Five myths about teaching in international schools

More teachers left the country last year to teach in international schools than there were students completing PGCE courses. With increased accountability and pressure in schools, is it a surprise that so many staff are looking for an escape? In 2012 I packed my life into several suitcases and uprooted my family to a tiny tropical island community in the Seychelles to be headteacher of an international school.

I suppose it wouldn’t surprise people if I were to say that I’d been driven abroad by the constant meddling of politicians, the exams fiasco, or Ofsted. In reality, however, ever since entering teaching, one of my ambitions has been to experience international education. International schools have a unique ethos and approach. They are rich in diversity and I wanted to experience the celebration of different cultures in an environment where the values of global citizenship are promoted and developed in young people.

After returning to Britain, I’ve realised there are lots of misconceptions about what it’s like to teach in an international school. Here are the most common beliefs about teaching abroad – and my verdict on them. Not true – work is work, regardless of where you are. Having said this, I did find that my work-life balance was far healthier abroad. If you work in a British international school you will follow the English national curriculum, but you will be free from bureaucracy. You are not confined to certain systems and procedures, for example, completing unnecessary evidence for Ofsted, which can inhibit a teacher’s creativity and increase their workload. Instead, I had more time and energy to be a real dad to my son.

A Tesol (Teachers of English to speakers of other languages) qualification isn’t necessary for most jobs. As a qualified teacher from the UK, you will be attractive to most international schools so it is unlikely they will demand extra qualifications. Plus, if you are working in a British international school then the spoken and written language will be English. That said, working with staff, students and parents from a different background can be challenging, especially if there is a language barrier. It is important to learn about the different cultures or communities you will be working with and be sensitive to them.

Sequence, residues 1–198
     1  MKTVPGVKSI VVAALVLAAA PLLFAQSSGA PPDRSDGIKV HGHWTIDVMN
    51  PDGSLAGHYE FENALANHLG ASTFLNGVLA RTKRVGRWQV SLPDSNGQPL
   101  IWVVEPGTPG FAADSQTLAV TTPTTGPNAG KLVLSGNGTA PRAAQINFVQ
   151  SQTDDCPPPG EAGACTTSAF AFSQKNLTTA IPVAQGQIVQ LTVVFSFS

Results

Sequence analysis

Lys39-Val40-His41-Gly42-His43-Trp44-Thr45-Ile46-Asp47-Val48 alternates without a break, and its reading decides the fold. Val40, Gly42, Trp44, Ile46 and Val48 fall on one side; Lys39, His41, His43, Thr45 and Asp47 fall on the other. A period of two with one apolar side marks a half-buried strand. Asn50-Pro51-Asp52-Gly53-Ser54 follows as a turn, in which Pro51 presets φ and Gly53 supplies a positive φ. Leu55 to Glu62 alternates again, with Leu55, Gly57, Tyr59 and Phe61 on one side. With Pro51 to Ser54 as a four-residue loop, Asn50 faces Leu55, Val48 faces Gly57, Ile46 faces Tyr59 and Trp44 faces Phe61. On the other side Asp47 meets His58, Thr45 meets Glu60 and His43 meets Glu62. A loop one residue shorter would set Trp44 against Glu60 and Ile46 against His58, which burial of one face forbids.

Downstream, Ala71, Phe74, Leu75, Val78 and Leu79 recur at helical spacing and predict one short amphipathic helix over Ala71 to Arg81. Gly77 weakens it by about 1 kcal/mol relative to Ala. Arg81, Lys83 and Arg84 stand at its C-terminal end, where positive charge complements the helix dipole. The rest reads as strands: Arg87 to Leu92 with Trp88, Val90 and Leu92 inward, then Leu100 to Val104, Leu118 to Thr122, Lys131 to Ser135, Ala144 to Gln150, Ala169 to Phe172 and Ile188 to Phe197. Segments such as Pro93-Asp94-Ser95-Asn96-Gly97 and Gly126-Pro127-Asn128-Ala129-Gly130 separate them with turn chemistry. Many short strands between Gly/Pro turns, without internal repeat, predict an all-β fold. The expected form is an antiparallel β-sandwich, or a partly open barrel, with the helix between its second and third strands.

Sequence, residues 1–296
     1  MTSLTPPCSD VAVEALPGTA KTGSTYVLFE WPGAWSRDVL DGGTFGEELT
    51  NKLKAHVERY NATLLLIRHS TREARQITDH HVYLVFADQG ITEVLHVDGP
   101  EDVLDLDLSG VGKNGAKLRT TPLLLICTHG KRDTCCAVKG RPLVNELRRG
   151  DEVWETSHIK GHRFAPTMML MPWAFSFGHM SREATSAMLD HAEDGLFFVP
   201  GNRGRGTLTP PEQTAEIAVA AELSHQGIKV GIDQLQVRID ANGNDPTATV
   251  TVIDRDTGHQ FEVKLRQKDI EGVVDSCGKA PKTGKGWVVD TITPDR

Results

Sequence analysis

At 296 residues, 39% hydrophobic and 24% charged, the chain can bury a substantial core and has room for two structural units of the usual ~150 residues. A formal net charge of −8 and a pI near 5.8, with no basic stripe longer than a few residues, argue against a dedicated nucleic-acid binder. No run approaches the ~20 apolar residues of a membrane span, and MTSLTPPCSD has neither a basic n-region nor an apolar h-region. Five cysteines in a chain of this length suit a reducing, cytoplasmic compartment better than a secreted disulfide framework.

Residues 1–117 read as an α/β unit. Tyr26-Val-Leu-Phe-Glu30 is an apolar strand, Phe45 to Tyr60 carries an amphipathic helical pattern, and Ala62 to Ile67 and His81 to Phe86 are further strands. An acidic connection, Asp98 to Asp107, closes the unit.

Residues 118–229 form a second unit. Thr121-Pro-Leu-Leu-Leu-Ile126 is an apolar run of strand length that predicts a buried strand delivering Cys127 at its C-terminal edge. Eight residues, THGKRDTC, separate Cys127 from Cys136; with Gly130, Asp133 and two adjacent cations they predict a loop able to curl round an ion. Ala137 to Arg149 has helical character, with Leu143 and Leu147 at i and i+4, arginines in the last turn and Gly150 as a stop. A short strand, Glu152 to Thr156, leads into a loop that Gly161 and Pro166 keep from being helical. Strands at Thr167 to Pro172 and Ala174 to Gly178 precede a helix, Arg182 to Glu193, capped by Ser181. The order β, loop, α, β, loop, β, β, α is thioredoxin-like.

This will take time to understand, so make sure you are open and ask other teachers or the school’s management team for support – some schools provide a handbook to help your transition.In any school, in any context, there will be some demanding parents. But it is sometimes true that if parents are paying, the dynamics can change. Even in UK, the fact that state schools are financed by taxpayers can mean that everyone feels they have a say on how children should be taught. This goes up a notch when the schools’ expensive fees come directly out of parents’ salaries. As an effective school you need to engage with parents and have a close working relationship, but there were times when I had to remind parents that I, as the headteacher, and the governing body, made the key decisions.

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